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Home > iSGTW - 1 April 2009 > Feature - Bioinformatics from Martinique to Marseilles: Mirana Ramialison

From Martinique to Marseilles to Medaka: profile of bioinformatician Mirana Ramialison


The Medaka fish is a simple model organism, amenable to genetic techniques, easily grown in the lab, but at the same time sharing many molecular processes with higher vertebrates. This image, taken with a newly developed microscope called a Digital Scanned Laser Light Sheet Fluorescence Microscope, shows a 5mm-long juvenile at the age of 10 days. The glowing green areas show its developing brain, eye and spinal cord.  Image by Philipp Keller, from the lab of Ernst Stelzer at EMBL

Editor's note: As part of an ongoing series, iSGTW presents profiles of women researchers in grid computing. 

 

What do you do?

In our research group, led by Jochen Wittbrodt of the European Molecular Biology Laboratory in Germany, we are studying Medaka (alias "the-small-fish-with-big-eyes" in Japanese) to understand how an eye forms in an embryo. Since Medaka eyes are similar to human ones, we can have a better understanding of human eye diseases resulting from malformations. When you look at Medaka transparent eggs under the microscope, you can see the eye developing "live."

 

How does computation fit into this?

My PhD work is not restricted to the eye only, but aims to understand which genes are essential for the formation of all organs, such at the eye, brain, ears, etcera. Therefore, I went to Kyoto to collect information about Medaka genes (more than 20,000) and built a database to store it. As it is impossible to study so many genes at once — it can take a whole career to study the function of just one — I have written computer programs to predict and analyze their function. I also do experiments to validate if the predictions of my programs are correct or if they are telling me complete nonsense  — which is more often the case, I have to admit, and that's why a PhD always takes more than 3 years!

Luckily before the PhD, I graduated from an engineering school where I learned bioinformatics techniques that allow the analysis of thousands of genes at a time. During high school, I enjoyed biology and mathematics a lot, and bioinformatics is somewhere in between these two fields.

 

Which subjects did you enjoy in school?

I remember at primary school, I was so impatient to go to school on Saturday mornings, because that was the day we were allowed to play with computers! (No, I'm not a geek.) During high school, I enjoyed both biology and mathematics a lot, so it was not easy to decide which field to follow.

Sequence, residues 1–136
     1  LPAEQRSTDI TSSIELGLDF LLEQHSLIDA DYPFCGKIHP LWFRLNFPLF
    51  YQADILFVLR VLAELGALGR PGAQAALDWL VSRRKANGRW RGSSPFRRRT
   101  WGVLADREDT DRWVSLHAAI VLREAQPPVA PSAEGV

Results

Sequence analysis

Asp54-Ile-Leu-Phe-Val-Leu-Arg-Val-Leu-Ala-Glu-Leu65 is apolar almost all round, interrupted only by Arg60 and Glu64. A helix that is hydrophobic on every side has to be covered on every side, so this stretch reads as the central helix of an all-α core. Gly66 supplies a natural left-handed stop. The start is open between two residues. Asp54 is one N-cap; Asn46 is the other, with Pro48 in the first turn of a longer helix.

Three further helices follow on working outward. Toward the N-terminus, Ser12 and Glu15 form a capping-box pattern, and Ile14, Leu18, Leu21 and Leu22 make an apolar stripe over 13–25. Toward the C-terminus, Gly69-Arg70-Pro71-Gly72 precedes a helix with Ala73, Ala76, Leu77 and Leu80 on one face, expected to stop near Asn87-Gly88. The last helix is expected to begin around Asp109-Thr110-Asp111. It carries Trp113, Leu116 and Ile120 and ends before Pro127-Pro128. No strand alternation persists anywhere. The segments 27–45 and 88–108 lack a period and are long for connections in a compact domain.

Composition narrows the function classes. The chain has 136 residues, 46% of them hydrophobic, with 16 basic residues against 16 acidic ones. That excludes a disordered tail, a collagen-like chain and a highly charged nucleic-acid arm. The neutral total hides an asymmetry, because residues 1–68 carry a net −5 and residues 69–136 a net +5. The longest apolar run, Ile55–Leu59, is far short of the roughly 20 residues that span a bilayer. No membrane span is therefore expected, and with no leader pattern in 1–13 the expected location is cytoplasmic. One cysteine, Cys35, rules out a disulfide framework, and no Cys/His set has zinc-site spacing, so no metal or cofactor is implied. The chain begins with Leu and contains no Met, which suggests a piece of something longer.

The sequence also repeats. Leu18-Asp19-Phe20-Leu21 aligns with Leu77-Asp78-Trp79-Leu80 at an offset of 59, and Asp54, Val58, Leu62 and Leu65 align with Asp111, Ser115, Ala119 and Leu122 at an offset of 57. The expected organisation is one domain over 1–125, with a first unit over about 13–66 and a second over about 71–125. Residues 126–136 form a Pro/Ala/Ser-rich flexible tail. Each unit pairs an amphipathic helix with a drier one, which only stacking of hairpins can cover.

How did your career progress?

I started to study biology at the University of Grenoble, and then graduated from an engineering school in biotechnologies in Marseilles, where I learned bioinformatics. This was by far my favorite subject, since it required computer science and a knowledge of biology, so I didn't need to choose between them anymore!

Ramialson says: "Being born on one island, Madagascar, and grown up on another island, Martinique, somehow it must have been my fate to work with fish. And my fish of choice is Medaka, a small freshwater fish from yet another island: Japan." Image courtesy of Miran Ramialison

What's the best thing about your job?

What I like most about my work is the independence to follow your own ideas and organize your research, and the opportunity to travel a lot. In research, you have to go abroad to advertise your work, and be aware of what scientists are doing in other labs around the world. 

During my PhD, I enjoyed attending conferences in Italy, the UK, the USA and Japan. But I have to admit that when I am back in Germany, where the winters are not exactly warm, I am very happy to see my little Medaka again, which are happily swimming in aquariums where the water temperature is a tropical 25°C.

But when I am not in the fishroom or at my computer, I practice Japanese and I also take German courses. I enjoy cooking different type of food (Malagasy and Creole for instance) but most of all, I love dancing hip-hop, salsa and zouk — typical music from the French Caribbean. 

Dan Drollette, iSGTW. Excerpts courtesy SET-Routes School Ambassadors. Click here to read Ramialison's profile in French. 

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